The study was taken up after obtaining approval from the the Institutional Ethics Committee. (St Johns National Academy of Health Sciences, Institutional Ethics Committee, Study No-IEC Study Ref No 130/2015, Date of Approval-30/04/2015). All patients were informed, and a written consent for participation was obtained. The study was done over a period of 10 months.
All patients aged between 18 and 60 years belonging to physical status American Society of Anesthesiologists (ASA) Classes I and II undergoing laparoscopic cholecystectomy were included in this study. Patients with preexisting lung diseases, respiratory infections in the past 3 weeks, having a body mass index >25 and patients belonging to physical status ASA Classes III and IV were excluded from the study. In addition, patients in whom ventilator settings could not be stabilized within 30 min of pneumoperitoneum in the allocated modes and in whom surgery was converted to open procedure were excluded from the study.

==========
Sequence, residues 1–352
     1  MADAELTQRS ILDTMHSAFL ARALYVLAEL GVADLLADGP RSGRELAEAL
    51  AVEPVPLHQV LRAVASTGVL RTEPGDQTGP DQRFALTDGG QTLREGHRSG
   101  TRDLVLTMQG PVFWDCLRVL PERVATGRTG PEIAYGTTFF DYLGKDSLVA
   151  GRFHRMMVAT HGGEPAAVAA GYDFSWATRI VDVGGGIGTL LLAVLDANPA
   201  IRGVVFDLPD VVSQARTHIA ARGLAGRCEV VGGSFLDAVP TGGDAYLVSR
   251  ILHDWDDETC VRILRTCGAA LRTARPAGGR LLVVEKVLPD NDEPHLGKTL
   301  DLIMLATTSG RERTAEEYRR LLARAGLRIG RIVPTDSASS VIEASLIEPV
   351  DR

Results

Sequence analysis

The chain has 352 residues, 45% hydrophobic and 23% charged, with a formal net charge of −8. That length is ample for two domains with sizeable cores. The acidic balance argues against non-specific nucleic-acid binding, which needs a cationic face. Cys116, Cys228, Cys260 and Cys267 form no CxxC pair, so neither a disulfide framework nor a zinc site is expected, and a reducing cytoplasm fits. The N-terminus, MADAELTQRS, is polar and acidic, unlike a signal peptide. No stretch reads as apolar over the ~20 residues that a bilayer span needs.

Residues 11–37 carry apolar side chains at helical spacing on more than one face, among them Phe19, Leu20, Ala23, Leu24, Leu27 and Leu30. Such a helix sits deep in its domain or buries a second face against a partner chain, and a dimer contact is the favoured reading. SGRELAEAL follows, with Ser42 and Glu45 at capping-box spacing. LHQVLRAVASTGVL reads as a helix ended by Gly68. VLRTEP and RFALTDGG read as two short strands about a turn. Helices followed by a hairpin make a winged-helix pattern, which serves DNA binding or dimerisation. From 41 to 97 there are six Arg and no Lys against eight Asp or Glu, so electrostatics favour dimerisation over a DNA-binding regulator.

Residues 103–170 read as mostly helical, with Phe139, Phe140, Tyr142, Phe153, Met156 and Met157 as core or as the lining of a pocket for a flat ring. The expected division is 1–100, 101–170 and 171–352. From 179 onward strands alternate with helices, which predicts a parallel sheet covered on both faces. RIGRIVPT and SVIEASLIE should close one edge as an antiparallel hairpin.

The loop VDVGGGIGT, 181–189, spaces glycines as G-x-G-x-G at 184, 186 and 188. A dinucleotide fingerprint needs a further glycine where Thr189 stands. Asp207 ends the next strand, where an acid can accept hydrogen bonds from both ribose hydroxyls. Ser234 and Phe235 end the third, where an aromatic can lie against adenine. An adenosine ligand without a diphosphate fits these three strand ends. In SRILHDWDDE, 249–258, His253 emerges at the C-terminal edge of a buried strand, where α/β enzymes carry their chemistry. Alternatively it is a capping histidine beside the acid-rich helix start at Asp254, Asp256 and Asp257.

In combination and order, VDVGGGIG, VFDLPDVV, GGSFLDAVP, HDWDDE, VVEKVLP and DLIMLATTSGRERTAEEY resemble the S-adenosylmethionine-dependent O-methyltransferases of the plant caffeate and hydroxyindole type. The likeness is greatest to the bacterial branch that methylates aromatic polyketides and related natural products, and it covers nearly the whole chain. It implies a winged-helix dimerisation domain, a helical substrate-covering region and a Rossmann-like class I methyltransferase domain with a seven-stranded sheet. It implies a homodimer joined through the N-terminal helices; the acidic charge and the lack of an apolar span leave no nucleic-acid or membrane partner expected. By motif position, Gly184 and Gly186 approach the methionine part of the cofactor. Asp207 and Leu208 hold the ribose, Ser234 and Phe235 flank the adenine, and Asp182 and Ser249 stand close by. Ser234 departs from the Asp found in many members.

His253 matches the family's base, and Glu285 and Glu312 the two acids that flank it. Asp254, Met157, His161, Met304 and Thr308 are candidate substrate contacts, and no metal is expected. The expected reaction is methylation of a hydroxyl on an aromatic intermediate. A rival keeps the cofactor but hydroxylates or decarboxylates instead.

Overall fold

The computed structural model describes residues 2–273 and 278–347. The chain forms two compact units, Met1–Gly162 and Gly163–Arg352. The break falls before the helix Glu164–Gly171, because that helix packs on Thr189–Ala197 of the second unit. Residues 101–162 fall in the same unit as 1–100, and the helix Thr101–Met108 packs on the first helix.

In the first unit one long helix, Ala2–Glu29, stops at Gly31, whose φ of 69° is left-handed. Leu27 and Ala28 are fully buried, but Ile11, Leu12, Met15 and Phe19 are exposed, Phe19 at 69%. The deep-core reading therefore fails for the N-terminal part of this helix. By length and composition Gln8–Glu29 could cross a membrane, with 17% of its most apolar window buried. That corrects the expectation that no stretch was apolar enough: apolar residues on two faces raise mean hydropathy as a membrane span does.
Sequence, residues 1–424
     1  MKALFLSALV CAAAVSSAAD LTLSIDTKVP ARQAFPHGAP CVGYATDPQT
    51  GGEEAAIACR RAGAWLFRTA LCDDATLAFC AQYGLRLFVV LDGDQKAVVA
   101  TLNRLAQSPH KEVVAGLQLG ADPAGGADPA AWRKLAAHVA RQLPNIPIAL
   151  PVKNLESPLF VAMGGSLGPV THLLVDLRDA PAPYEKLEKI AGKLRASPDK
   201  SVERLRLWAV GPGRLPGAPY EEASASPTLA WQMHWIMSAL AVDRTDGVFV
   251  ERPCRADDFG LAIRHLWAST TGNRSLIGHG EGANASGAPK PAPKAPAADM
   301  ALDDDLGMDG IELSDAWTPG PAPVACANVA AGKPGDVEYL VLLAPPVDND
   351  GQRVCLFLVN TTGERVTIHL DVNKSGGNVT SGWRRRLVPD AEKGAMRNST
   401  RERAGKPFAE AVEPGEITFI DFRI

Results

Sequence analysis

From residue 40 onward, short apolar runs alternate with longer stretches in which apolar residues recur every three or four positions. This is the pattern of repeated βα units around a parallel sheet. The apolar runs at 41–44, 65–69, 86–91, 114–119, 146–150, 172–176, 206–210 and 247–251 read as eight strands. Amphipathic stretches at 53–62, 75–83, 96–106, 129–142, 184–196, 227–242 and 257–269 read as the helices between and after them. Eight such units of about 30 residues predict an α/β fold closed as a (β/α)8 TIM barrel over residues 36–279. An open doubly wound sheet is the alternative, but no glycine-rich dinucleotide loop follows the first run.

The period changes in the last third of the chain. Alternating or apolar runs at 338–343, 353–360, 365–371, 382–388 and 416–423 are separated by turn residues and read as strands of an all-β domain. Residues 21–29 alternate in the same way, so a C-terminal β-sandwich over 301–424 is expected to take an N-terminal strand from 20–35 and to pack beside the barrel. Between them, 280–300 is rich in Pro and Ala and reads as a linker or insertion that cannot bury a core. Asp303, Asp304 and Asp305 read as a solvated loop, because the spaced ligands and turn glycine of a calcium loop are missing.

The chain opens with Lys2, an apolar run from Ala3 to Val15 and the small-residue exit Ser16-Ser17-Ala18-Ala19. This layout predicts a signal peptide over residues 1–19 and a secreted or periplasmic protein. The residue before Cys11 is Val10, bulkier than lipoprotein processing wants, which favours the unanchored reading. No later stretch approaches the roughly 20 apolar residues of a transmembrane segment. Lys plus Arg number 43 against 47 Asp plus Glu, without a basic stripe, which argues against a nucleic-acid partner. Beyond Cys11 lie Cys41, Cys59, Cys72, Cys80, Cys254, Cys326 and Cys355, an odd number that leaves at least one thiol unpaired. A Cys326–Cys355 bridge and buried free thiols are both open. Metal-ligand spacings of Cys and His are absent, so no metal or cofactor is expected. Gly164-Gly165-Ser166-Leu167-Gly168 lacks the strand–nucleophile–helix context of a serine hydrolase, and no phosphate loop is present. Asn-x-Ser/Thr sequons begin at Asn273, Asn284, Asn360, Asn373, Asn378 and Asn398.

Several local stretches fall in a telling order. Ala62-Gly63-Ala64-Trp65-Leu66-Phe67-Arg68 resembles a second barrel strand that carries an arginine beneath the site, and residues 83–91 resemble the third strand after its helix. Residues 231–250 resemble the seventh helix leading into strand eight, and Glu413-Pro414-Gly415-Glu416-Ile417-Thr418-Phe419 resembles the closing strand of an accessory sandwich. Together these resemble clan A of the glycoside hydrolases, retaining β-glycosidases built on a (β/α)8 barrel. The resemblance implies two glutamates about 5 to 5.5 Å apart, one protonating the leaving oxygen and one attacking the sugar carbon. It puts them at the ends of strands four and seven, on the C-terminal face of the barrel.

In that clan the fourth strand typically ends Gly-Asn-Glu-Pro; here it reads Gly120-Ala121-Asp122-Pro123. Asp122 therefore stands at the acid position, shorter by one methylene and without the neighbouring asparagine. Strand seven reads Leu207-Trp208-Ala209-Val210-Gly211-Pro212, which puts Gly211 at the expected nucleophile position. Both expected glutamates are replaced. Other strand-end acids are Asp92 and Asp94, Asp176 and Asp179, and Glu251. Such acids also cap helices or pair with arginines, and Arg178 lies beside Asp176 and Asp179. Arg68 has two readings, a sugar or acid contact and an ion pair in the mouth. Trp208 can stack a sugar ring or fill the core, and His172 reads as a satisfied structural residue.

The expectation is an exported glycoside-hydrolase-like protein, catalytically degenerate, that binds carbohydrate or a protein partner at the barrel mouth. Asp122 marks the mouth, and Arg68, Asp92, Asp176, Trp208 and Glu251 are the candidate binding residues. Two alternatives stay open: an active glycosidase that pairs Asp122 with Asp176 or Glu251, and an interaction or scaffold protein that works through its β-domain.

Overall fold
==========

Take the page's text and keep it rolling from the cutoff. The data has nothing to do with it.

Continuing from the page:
Patients were randomly allocated to receive volume controlled, pressure controlled, or pressure controlled-volume guaranteed modes of ventilation. The randomization was done after patients consented for the study. Randomization was done by computer-generated numbering system. A standard general anesthesia technique was followed in all cases. Standard monitors included noninvasive blood pressure monitor, pulse oximeter, electrocardiogram, and capnogram. Anesthesia was induced with 2 mg/kg of propofol, 2 μg/kg of fentanyl, and 1 mg of midazolam intravenous. Endotracheal intubation was facilitated using 0.5 mg/kg of atracurium. Anesthesia was maintained with isoflurane, air oxygen mixture, and atracurium top-ups of 0.1 mg/kg. Muscle relaxation was maintained at <2 twitches in train of four (TOF) sequence using a TOF watch. At the end of the procedure, the neuromuscular block was reversed with Neostigmine 2.5 mg and glycopyrrolate 0.5 mg intravenous. The trachea was extubated when patient was fully awake with TOF ratio >0.9.